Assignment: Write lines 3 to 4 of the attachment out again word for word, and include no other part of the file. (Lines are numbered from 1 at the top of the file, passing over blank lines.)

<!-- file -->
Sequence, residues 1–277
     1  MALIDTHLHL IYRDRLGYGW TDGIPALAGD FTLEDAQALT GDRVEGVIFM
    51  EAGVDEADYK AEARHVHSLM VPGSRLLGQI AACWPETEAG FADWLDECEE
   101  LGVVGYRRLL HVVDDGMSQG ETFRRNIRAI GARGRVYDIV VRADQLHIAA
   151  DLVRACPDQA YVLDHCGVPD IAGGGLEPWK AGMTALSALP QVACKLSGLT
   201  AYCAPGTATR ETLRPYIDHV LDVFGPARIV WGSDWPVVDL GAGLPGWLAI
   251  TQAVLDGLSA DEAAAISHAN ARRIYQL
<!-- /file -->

    51  EAGVDEADYK AEARHVHSLM VPGSRLLGQI AACWPETEAG FADWLDECEE
   101  LGVVGYRRLL HVVDDGMSQG ETFRRNIRAI GARGRVYDIV VRADQLHIAA